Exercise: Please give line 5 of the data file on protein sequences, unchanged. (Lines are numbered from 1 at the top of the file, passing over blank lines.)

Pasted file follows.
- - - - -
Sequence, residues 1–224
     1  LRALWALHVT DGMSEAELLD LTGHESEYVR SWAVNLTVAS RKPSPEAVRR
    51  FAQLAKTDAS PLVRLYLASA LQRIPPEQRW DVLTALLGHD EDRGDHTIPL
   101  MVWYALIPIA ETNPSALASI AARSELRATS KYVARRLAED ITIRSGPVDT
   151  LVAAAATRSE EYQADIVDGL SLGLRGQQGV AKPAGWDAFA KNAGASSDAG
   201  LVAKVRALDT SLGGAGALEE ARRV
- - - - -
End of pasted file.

   151  LVAAAATRSE EYQADIVDGL SLGLRGQQGV AKPAGWDAFA KNAGASSDAG